Explained: Prepare.ai Conference T-Shirts
When I wear my Prepare.ai Conference T-shirt, I get a lot of curious looks and explanation requests. So here’s a brief origin story.
You can see below left that the shirt lists the names of three of today’s most popular machine learning (ML) algorithms: neural networks, naive bayes, and boosted decision trees. The layout is modeled off a trending Beatles T-shirt with a simple design that we really liked (shown at right).
We chose the three algorithms for printing based on how much they are used in industry… and also on how cool they sound.
I’ll give a brief explanation for each of them, sorted from bottom to top because that’s probably the easiest way to understand them.
But first, what is machine learning?…
In a nutshell, machine learning (ML) creates a mapping that remembers how to calculate a set of outputs when given a set of inputs. An ML algorithm “trains” or “learns” by looking at paired inputs and outputs over and over while gradually tweaking the internal mapping. Once it’s done training, it freezes that mapping so it can look at new inputs and calculate what the corresponding, unknown outputs should be. This is called making “predictions” or “inferences.”
So basically, ML algorithms learn by example. Let’s dig into our marquee algorithms now…
Boosted Decision Trees
A single decision tree navigates through a series of variables with if/then logic. For example, a decision tree for predicting home price might consider square footage, age, and number of bedrooms. Multiple homes are fed into this tree during training, and the paths, nodes, and threshold values are adjusted to maximize its ability to predict the price based on those three variables.
Once we understand a single decision tree, there is a whole family of more powerful, tree-based algorithms that we can use. Possible enhancements include “bagging” of multiple trees into a “forest” that votes on an answer; adding random sampling to which variables are included in which trees; and “boosting” the data, meaning we take sub-samples of training data multiple different times to effectively simulate a forest of data samples. Even further, we can make the boosting better by applying gradient-optimized boosting such that each new tree model gives more importance to data sub-samples that showed higher error in the preceding trees. These versions of tree algorithms are illustrated in the diagram below.
Naive Bayes is an esteemed veteran in the world of machine learning, based on venerable statistical principles. Namely, joint probability. Typically used in classification problems, this algorithm makes a simplifying assumption that each input variable has an independent probability distribution. This makes each variable “naive” to any small dependencies or interactive effects between variables that might actually exist in the real world. The Bayes part comes from Bayes Theorem, which essentially states that you can multiply event probabilities together to find the joint probability distribution for any of the relevant input variables.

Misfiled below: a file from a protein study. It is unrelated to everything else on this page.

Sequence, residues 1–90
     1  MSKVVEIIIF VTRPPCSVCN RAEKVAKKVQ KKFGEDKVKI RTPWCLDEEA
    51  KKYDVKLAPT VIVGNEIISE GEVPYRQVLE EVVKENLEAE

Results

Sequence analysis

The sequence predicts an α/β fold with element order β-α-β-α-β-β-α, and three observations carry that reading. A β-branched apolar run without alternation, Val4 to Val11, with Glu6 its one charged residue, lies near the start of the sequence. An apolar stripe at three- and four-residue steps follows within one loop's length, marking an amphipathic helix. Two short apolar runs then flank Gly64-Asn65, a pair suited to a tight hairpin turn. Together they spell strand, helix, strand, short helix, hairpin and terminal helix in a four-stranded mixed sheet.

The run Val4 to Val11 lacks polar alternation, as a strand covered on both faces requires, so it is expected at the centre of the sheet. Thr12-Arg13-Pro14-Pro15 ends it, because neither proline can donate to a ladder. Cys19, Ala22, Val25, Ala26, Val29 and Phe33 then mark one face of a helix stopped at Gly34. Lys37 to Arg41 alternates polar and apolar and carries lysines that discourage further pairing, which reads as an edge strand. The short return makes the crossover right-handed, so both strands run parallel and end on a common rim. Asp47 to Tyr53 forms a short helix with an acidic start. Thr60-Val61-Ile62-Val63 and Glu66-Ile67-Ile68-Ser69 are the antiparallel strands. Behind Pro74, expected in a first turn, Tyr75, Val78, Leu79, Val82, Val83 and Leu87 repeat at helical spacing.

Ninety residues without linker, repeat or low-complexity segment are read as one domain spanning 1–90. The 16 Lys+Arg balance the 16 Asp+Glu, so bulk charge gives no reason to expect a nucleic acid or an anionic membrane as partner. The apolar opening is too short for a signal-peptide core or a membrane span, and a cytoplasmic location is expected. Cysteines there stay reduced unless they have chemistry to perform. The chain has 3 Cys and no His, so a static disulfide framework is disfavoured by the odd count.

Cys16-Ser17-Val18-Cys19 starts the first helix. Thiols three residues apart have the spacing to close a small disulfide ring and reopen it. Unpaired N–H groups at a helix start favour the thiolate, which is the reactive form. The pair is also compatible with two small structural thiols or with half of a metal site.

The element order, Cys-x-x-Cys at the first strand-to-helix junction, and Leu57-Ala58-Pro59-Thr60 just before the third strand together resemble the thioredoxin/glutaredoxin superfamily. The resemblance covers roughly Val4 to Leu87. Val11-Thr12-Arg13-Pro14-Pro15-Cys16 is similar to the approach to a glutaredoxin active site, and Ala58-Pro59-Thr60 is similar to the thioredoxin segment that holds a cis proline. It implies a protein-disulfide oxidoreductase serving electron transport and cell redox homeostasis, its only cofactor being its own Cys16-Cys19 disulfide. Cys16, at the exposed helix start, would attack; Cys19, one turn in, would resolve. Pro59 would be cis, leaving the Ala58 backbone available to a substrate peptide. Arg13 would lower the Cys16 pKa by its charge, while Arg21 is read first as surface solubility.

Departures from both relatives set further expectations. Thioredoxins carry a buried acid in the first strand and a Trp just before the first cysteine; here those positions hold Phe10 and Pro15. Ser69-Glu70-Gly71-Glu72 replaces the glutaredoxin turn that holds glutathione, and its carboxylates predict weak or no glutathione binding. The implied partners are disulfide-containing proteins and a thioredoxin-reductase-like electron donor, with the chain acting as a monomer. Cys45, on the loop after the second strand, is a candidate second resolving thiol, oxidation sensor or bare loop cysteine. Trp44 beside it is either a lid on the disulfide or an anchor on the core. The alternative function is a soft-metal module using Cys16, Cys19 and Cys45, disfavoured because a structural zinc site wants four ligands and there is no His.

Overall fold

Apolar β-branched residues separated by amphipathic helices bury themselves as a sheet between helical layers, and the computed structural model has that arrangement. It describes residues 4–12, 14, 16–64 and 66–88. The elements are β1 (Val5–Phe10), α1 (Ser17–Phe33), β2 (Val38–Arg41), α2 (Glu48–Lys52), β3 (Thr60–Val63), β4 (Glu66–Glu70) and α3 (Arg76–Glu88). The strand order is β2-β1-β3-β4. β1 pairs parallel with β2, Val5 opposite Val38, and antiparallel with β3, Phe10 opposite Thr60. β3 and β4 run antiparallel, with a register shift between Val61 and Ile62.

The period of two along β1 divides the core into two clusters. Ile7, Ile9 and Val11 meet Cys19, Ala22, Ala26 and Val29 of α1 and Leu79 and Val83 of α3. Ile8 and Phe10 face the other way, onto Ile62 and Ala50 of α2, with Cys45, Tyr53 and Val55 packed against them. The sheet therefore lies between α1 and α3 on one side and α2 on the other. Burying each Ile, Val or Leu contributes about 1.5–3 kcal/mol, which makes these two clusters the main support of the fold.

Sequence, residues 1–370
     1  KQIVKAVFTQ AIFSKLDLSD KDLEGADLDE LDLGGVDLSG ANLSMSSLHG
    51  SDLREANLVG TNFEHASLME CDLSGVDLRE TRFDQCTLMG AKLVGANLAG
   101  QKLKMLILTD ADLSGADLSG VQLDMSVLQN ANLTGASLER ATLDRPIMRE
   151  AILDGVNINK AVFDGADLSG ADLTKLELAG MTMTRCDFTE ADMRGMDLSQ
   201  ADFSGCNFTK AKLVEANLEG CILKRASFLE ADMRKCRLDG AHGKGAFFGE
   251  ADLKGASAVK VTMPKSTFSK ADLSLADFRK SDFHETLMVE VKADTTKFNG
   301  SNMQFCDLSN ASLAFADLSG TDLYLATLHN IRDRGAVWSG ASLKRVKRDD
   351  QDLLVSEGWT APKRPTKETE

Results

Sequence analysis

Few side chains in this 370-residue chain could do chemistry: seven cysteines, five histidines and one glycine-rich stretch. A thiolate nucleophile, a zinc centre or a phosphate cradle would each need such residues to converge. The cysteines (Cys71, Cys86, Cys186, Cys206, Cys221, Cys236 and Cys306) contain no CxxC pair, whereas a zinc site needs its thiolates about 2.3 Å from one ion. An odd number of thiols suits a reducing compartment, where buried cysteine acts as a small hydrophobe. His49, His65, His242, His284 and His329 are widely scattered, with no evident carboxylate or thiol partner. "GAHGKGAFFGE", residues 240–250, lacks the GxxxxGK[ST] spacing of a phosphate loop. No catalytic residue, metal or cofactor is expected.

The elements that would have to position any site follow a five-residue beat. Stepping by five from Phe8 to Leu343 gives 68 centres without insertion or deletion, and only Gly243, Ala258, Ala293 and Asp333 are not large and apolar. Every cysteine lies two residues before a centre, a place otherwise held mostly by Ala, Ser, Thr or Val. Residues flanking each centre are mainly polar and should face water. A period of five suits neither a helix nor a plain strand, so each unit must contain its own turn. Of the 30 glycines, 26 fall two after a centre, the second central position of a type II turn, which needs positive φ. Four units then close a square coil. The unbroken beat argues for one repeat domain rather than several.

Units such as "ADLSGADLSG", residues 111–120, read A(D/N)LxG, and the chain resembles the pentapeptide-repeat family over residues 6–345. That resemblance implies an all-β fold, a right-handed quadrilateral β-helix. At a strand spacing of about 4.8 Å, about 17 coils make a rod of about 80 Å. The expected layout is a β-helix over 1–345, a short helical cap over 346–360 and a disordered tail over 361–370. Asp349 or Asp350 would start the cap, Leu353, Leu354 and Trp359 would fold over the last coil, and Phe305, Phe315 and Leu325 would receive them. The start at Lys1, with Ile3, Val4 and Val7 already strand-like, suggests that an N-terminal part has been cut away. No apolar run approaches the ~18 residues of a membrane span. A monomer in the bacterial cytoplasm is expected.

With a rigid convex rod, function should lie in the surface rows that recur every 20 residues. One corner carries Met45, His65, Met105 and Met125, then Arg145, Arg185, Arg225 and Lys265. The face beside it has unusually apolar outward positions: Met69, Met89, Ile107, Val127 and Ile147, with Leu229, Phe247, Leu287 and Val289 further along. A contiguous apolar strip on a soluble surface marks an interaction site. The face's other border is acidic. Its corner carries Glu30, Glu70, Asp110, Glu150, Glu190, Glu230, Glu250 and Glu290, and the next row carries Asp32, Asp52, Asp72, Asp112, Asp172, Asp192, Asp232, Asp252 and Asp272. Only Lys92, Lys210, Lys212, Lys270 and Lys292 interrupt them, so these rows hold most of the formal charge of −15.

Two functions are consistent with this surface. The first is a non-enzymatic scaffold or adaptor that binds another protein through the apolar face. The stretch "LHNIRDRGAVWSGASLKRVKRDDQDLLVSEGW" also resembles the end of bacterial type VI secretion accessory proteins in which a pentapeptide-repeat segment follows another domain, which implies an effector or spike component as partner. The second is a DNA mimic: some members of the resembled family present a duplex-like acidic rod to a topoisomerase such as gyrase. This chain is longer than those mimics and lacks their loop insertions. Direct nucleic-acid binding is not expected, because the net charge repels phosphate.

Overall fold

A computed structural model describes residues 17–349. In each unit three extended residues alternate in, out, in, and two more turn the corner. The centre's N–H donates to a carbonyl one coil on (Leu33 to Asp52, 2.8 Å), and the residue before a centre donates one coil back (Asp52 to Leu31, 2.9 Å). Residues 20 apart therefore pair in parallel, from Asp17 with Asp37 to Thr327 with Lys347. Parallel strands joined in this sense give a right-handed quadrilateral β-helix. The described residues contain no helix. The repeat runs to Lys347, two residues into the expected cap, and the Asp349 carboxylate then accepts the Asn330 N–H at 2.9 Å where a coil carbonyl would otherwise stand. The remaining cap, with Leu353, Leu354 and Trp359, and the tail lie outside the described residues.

Sticking with our home price example, this would mean that the ultimate probability of a home being classified into a particular price range would equal the probability that the observed square footage results in that price range multiplied by the independent probability that the observed home age results in that price range multiplied by the independent probability that the observed number of bedrooms results in that price range. If you know the probability distributions of the various input variables, you can simply multiply the product of each to predict the combined scenario.
Despite its age, this remains a powerful and very efficient algorithm, still used frequently in language-based tasks. It has the advantage of requiring very little explicit training relative to other methods and can perform well even with high-dimensional data.
Neural networks (NN’s) are comprised of a series of interconnected neurons which receive input signals from the front of the network, and which pass along weighted or modified signals to subsequent neurons. The signals — essentially mathematical sums and products — can exhibit complex behaviors because they have an “activation” gate that can either stop or pass the signal if it falls below or exceeds a learned activation threshold. In this way, the network is loosely modeled on the functioning of the human brain, which only sends nerve impulses down the neuron’s axon if enough sensory stimuli activate the nerve to “fire.”
If a NN has multiple layers between the input and output nodes, this is referred to as a “deep” neural network.
Deep NN’s are the workhorses of the recent explosion in artificial intelligence, powering applications like computer vision for self-driving vehicles. The map of calculations being created there is to take camera files as an input and convert through numerous layers of neurons into output predictions of steering, accelerator, and braking levels. Another current example of deep NN’s are those used by digital assistants to understand language. These models take the input of your voice or text and find the map to convert it into skills, actions, or commands. Exciting stuff!
So there you have it — three of the most important and fun sounding machine learning algorithm names out there. Tell someone about your favorite one today!
Also, we are publicly releasing videos of many of the best presentations from our conference HERE!
Be on the lookout for them as we publish them over the coming weeks.